Canada turned in a solid Gold performance in the 1996 Olympics, the largest games in history. However the physical and emotional cost to some of the participants, particularly the young female athletes cannot go unnoticed. In the women’s 5000 meter heat a 14 year old Nigerian finished last and more than 4 minutes behind the winner. One young female gymnast performed under pressure from her trainer despite a significantly obvious ankle injury. Many of the female gymnasts from all parts of the world were clearly smaller and less well developed than one would expect for their chronological age. In the last few years, two United States female gymnasts at the Olympic level died from medical problems related to their sport. One died from complications of anorexia nervosa and the second from complications of spinal trauma due to a vaulting injury. These few incidents provide a background to many of the worrying trends that have appeared in competitive youth sports.
What are some of the physical injuries that may occur in competitive sports and gymnastics?
Most elite gymnasts do not pass through childhood and adolescence without injury because of the intense repetitive and high impact nature of this sport. Clearly the risk of injury increases with longer practice time, the degree of difficulty of the routines and age related vulnerability of the skeletal system. Reported injuries include stress fractures, growth-plate fractures, wrist and elbow injuries, spinal injuries and reflex sympathetic dystrophy. Training more than 18 hours per week before and during puberty may alter the growth rate and prevent the attainment of full adult height. Hence the appearance of short stature among many gymnasts, one of the nutritional and endocrine consequences of competitive gymnastics.
What is meant by the term “female-athlete triad?
This triad is characterized by disordered eating, menstrual dysfunction and osteoporosis and is associated with substantial morbidity and mortality. The prevalence of eating disorders amongst female athletes is reported to be between 15% and 62% (the prevalence of eating disorders in the general population is 1% for anorexia and 1-3% for bulimia). The pressure for female gymnasts to maintain a thin and muscular body appearance encourages atypical eating behavior. Furthermore disordered eating and intensive exercise may well contribute to primary and secondary amenorrhea. Menstrual dysfunction in turn increases the risk of premature osteoporosis and fractures and may also increase the risk of scoliosis.
What are the psychological risk factors that occur in young female athletes?
Young females who compete at high level sport and gymnastics tend to be extremely obedient and disciplined and strive for adult approval. Their desire to succeed and win ensures that these girls may be driven beyond their physical and emotional limits. The young athlete may perceive her entire identity and self worth as depending on her participation and success in sport. The pressures put on these children by their family and coaches often impede their ability to think or act independently. They may suffer from social isolation and a lack of opportunity for social development. Many of these athletes may leave home before the age of 12 to devote themselves almost exclusively to training for their desired sport.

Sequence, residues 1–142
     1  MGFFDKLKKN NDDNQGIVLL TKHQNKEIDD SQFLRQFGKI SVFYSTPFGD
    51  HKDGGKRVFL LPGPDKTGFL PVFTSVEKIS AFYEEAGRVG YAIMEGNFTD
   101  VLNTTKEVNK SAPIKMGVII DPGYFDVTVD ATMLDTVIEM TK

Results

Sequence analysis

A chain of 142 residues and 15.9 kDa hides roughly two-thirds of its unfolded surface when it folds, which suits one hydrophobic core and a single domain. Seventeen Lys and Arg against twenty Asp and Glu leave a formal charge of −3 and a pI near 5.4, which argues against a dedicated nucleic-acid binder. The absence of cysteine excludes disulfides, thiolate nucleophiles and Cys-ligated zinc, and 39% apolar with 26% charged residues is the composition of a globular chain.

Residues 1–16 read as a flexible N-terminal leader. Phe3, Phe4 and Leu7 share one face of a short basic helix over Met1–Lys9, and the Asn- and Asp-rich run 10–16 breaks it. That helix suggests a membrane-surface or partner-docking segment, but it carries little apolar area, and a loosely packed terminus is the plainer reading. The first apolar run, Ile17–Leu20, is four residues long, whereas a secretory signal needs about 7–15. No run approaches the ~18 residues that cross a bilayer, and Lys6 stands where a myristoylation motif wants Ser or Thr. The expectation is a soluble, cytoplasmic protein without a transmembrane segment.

What are the contributing factors that give rise to these risk factors in competitive sports?
Parents and coaches often attribute a child’s overtraining to the child’s enthusiasm and love for the sport. While some children may have extraordinary abilities and high athletic aptitudes, their parents and coaches must still take responsibility in exercising appropriate control and timely advice to these young athletes. Self deception on the part of the parents as well as the personal and financial sacrifices endured by many of these families may well increase the stress on the child.
Are young male athletes at risk for sports injuries?
Yes. Many of the same factors that affect female athletes affect young pubescent males, however to a much lesser extent partly because they are somewhat less selfconcious about there bodies in the early stages of puberty. In particular, boys should not begin strength training before approximately 16 years of age in order to allow the growth plates an opportunity to close and solidify properly. Adequate supervision must be available by appropriately trained personnel at all times.
What should be done to prevent harm to these young athletes?
Coaches and parents who have the greatest influence over these athletes are best able to monitor the athlete’s behavior. External agencies are needed to establish standards and monitor health and safety requirements for young athletes. Physicians must play a role in ensuring that the injured athlete does not return to competition too soon. All aspects of the young child athlete must be taken into consideration including the close monitoring of nutrition, endocrine and psychoemotional aspects of the growing child
|Consequences of competitive sport include overtraining injuries and psychological damage.|
|The “female-athlete triad” is associated with substantial morbidity and mortality.|
|The triad is characterized by disordered eating, menstrual dysfunction, and osteoporosis.|
|Parents and coaches must take responsibility in preventing harm to young athletes.|
Reference:Tofler I.R. et al, Physical and emotional problems of elite female gymnasts,
NEJM 335; 4: 281-83, 1996.
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